Tuesday, August 12, 2014

The Sisi Blair Alliance

 Human Rights Watch (HRW)in a 195-page investigation based on interviews with 122 survivors and witnesses has found Egypt's police and army "systematically and deliberately killed largely unarmed protesters on political grounds" in actions that "likely amounted to crimes against humanity".

Executive director Kenneth Roth said the deaths were "one of the world's largest killings of demonstrators in a single day in recent history". Roth said the actions were not "merely a case of excessive force or poor training." "It was a violent crackdown planned at the highest levels of the Egyptian government," he said. "Many of the same officials are still in power in Egypt, and have a lot to answer for."

At least 817 protesters were intentionally killed.  The report recommends that several senior individuals within Egypt's security apparatus be investigated and, where appropriate, held to account for their role in the planning of both the Rabaa massacre and others that occurred last summer – including Abdel Fatah al-Sisi, Egypt's then defence minister and now new president. As head of the army at the time, Sisi had overall responsibility for the army's role at Rabaa, and has publicly acknowledged spending "very many long days to discuss all the details".

 Egypt's military and police leaders maintain that the dispersal was carried out as humanely as possible, and only turned violent because an armed group within the camp started firing on security officials, killing eight policemen. But HRW concluded that the camp's estimated 85,000 members were not given enough time to leave before troops started firing; were prevented for most of the day from leaving via safe exits; and used firearms "in only a few instances, which do not justify the grossly disproportionate and premeditated lethal attacks on overwhelmingly peaceful protesters". The report documents scores of incidents where unarmed protesters were killed, often by snipers shooting from nearby buildings or, according to multiple witnesses, from helicopters flying overhead.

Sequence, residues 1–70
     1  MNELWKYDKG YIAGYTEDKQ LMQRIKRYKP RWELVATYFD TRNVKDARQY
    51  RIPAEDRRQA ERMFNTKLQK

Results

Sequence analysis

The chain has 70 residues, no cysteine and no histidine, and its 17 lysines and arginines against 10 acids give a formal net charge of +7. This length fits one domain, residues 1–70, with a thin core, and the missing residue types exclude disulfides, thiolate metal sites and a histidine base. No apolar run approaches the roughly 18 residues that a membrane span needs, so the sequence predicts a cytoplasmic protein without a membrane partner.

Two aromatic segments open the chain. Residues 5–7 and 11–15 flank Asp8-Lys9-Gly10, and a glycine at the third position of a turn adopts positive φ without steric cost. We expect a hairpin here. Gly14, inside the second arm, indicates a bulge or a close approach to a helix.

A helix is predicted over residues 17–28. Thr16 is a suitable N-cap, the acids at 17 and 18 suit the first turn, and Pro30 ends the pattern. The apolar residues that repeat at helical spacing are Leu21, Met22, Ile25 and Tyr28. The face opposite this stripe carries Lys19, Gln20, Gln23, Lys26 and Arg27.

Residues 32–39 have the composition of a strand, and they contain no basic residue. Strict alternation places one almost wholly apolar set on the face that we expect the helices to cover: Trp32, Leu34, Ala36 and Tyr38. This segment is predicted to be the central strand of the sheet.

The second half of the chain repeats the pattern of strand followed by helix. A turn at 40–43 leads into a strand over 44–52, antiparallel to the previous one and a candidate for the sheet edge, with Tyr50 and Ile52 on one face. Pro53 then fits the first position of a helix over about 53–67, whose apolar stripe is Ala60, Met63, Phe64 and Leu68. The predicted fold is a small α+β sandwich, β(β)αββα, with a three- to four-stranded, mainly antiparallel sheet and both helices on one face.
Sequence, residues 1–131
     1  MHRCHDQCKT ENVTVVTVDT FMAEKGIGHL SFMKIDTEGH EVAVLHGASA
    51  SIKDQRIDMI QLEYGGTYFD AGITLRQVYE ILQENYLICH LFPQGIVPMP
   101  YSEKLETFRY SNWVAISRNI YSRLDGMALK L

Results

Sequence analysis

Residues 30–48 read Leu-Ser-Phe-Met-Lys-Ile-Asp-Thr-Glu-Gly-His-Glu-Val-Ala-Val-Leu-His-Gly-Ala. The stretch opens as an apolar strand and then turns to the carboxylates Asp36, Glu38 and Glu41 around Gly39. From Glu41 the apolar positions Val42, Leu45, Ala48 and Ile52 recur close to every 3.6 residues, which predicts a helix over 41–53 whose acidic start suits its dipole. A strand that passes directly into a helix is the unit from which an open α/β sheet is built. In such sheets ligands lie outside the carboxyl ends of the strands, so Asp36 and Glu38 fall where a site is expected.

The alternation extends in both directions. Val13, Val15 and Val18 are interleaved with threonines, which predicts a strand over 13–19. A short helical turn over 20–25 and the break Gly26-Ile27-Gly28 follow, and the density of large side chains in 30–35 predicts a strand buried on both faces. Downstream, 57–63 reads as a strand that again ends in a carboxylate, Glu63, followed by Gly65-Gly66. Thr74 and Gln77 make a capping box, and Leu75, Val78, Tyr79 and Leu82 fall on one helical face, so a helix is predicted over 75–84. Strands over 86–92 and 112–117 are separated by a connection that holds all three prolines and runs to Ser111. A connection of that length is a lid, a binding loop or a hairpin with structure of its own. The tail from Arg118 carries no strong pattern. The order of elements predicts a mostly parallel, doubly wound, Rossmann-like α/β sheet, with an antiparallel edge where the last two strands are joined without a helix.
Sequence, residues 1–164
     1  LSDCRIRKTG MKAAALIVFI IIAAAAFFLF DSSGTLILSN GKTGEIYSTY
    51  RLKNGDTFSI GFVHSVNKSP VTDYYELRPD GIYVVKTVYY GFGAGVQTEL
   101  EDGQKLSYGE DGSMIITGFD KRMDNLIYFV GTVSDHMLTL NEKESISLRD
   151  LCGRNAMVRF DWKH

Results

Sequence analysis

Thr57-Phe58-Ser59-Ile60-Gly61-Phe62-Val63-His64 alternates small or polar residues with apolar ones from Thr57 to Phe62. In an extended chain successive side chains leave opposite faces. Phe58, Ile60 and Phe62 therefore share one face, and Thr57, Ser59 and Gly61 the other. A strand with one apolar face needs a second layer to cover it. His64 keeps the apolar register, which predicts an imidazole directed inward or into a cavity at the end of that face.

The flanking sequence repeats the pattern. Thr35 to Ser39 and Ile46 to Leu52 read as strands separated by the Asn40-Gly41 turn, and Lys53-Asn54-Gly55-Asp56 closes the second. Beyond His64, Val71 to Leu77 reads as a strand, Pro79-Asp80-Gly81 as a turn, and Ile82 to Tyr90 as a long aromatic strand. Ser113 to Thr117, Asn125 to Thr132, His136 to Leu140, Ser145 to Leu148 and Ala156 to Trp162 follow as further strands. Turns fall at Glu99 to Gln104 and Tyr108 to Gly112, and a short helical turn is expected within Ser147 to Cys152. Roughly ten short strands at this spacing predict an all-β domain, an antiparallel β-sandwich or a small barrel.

Attempting to enter Egypt on Sunday to present the findings of the report, HRW's executive director, Ken Roth, and Middle East lead, Sarah Leah Whitson, were stopped and deported. The report's primary researcher, Omar Shakir, has since left the country, fearing arrest.

War-monger with the ironic title of peace envoy, Tony Blair (along with his lick-spittle lackey Alistair Campbell) is an  official advisor to the Sisi government having also supported the military coup that placed him in power.

From here 

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